Tuesday, August 20, 2013

INDIE BOOK REVIEW: ‘The Bridge’ is a gripping other-worldly thriller – with a few cosmetic problems

I was attracted to ‘The Bridge,’ by Allan Krummenacker, because of the cover. I’m not going to lie. Sometimes I’m attracted to things just because they’re shiny.

What I found in the pages of the book, though, was a richly drawn mystery that sucked me in and kept me interested until the very last page.

The story revolves around Alex Hill, the town funny guy, and his girlfriend, Veronica. Hill is a psychic that has a dark history with his “gifts.”

His girlfriend, Veronica, is haunted by her own past. Not only is she older than Alex – and massively insecure about her place in his life – but she’s still traumatized by the loss of a local girl she was trying to help early in her days on the police force.

Alex’s secret and Veronica’s past collide one day when two local teenagers are found dead at the scene of an accident. The coroner quickly ascertains that the youths had drowned – and before the car accident occurred.

The problem is, Veronica witnessed the accident, and she doesn’t remember seeing anybody else in the car.

As the mystery progresses, clues lead investigators to a local estate that is going up for bid – and a past history that is bigger than anyone can imagine.

‘The Bridge’ really is a gripping mystery – and I liked that the characters were not drawn with white hats and black jackets. What do I mean by that? Every character had good qualities and bad qualities – just like in real life. Sometimes authors paint their central heroes and heroines as perfect individuals – and that’s never true to real life.

Krummenacker really has constructed a sound mystery and interesting and flawed characters.

So, what’s wrong with the book? As far as the story goes, nothing. Unfortunately, there’s a lot wrong with it cosmetically.

First off, this could be one of the most poorly formatted Kindle books I’ve ever read. No, I’m not exaggerating. There are big gaps between the sentences. Usually, this wouldn’t necessarily be a big problem, but there’s a chapter where you’re jumping between narrators and the gaps make you think you’re jumping to a new narrator when  you’re not necessarily doing that. It becomes frustrating.

Also, because the book wasn’t formatted correctly, there are sometimes three or four pages between the end of one paragraph and the beginning of another. On the flip side, sometimes chapter heads appear in the middle of a page. It’s really all over the place.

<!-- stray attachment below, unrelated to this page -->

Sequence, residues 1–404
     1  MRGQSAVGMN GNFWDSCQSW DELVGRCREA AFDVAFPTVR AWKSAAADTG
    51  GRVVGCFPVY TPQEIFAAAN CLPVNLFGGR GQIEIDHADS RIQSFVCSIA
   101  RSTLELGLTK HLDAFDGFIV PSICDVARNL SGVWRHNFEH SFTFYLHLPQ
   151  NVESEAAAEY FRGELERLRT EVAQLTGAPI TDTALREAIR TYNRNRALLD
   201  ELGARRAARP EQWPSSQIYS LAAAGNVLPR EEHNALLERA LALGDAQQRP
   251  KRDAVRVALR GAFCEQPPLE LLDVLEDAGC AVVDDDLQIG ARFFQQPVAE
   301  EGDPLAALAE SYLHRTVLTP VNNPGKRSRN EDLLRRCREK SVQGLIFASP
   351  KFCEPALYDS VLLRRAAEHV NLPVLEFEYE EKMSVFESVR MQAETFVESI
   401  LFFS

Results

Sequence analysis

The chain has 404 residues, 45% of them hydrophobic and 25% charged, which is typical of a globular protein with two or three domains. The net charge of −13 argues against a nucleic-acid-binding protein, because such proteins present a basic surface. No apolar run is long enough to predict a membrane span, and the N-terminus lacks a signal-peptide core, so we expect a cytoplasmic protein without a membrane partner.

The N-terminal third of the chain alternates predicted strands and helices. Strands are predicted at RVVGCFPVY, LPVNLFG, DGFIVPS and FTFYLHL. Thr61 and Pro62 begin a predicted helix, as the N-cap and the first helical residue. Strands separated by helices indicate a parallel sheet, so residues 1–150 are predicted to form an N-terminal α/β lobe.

The other big problem with the book is the editing.

Now, I can put up with a lot of grammar mistakes. I mean a lot. This book has punctuation and grammar errors on pretty much every page, though. If you’re a stickler for those things – you should probably not try to read this book.

The author seems to suffer under grand delusions of capitalization, too. It seems that whenever he was in doubt, he capitalized a word – whether it should have been capitalized or not.

Still, I could probably have let that slide (even though I found it irritating as the book progressed) but the punctuation errors, run-on sentences and general missing words were always there to yank me back in, though.

Finally, my other big problem with the book is with Alex calling Veronica "his lady" constantly. It might have been cute it if happened occasionally, but it happens on practically ever other page -- and it ceases being cute about the third time it happens.

Besides being hokey, the phrase also hints at the prospect that Veronica doesn't exist in Alex's mind -- other than as his property. Maybe I'm reading too much into it, but it irritated me.

Veronica was a tough police officers with a smart head and a strong grasp of the crime itself -- and yet she was relegated to merely being Alex's girlfriend much of the time. That's not how I like my heroines.

In the end, Krummenacker has come up with a breathtaking world and a great story. It’s brought down by the sum of its parts, though.

This is a five-star story and a one-star editing and grammar effort combined. I'd like to see it become five-star all around.

‘The Bridge’ is available for $2.99 on Kindle and $14.39 in print. Note: Those prices could be subject to change.


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